As we (hopefully? finally?) transition from winter into spring, we find that we enjoy even slightly warmer days than we have been experiencing, even if the same temperature is enjoyed less at other times of the year (for example, as autumn cools into winter). Why should a 50 °F day be perceived differently, at different times of the year?
Part of the answer has always been assumed to be psychological: we evaluate new conditions relative to what we have recently experienced, and warmer days in the spring are enjoyed relative to the recent, cooler temperature of winter. Increasingly, however, evidence is growing that suggests a physiological component, based on relatively gradual acclimation to prevailing temperatures over a longer term (weeks, months, or longer).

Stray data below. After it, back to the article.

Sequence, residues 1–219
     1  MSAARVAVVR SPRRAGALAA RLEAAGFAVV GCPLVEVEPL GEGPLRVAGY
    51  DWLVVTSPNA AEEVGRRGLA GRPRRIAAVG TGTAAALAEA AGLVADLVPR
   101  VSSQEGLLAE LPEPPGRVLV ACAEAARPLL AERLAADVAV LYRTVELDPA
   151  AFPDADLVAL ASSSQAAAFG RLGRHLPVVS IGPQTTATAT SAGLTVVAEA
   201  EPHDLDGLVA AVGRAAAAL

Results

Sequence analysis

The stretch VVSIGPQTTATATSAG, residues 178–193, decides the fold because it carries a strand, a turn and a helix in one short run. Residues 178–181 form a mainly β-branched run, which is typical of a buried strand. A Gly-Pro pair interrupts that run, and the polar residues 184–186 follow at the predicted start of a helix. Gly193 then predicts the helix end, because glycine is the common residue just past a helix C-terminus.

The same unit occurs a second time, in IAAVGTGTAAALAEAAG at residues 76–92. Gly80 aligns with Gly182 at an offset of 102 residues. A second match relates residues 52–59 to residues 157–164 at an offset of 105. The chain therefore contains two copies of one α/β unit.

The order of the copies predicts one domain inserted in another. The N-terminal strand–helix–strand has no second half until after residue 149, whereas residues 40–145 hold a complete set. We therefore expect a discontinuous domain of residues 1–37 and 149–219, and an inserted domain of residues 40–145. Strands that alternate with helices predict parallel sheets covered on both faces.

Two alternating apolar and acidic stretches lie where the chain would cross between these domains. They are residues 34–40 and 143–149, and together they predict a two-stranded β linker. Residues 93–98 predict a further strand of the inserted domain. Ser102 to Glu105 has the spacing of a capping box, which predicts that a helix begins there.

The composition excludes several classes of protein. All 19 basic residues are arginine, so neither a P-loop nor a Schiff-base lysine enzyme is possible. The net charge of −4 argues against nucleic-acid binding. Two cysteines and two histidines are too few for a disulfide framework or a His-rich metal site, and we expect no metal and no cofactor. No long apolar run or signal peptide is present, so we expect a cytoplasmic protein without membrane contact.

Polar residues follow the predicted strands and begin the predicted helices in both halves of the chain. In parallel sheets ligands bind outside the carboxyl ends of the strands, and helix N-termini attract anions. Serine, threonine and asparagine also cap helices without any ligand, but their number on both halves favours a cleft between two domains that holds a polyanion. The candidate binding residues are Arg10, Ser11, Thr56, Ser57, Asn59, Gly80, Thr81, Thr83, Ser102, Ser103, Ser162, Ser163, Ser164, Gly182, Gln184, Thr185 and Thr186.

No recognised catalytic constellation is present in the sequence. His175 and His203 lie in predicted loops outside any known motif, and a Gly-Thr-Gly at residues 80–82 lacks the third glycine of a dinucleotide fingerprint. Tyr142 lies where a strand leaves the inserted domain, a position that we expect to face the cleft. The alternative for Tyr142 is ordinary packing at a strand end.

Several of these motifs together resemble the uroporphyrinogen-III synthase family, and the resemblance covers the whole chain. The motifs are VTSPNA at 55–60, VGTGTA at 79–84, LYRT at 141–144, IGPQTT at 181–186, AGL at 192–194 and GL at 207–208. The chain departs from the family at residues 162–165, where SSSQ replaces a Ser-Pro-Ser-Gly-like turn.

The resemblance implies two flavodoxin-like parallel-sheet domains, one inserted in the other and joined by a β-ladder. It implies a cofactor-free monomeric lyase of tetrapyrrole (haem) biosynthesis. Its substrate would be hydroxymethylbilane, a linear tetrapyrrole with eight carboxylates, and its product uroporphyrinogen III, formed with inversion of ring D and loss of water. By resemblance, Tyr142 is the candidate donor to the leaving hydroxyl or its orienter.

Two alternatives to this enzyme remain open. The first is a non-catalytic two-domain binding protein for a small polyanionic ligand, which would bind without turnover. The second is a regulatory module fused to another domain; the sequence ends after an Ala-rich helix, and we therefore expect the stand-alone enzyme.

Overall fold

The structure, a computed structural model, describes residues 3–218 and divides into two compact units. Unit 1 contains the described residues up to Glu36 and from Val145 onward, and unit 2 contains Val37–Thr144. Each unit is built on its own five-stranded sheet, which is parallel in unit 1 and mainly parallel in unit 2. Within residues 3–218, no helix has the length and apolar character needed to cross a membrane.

These data suggest that long-term physiological responses to temperature gradually shape our vasoconstriction and blood delivery to the surface (you knew there was a link to our current lecture topics!), as well as our sensitivity and tolerance to temperatures below and above our 'comfort zone'. This is part of a systemic response: our peripheral blood delivery is altered, our sensory systems modulate their responsiveness to temperature, and our minds reduce expectations of a quick change back to more moderate temperatures (which reduces disappoint when temperatures remain extreme).
So, the next time you are enjoying a bit of sunshine on a brisk Spring day, remember that the pleasure of it is not 'all in your head' - some of it is in your skin, and your arterioles, and your hypothalamus, and your skeletal muscles, ....
Happy Spring -
Good morning everyone,
I'm passing along here a reminder of the dangers of hypothermia and frostbite, which includes description of some of the physiological challenges extremely cold temperatures place on the body. Seems appropriate this week!
Just remember, Spring is only about 7 weeks away ;-)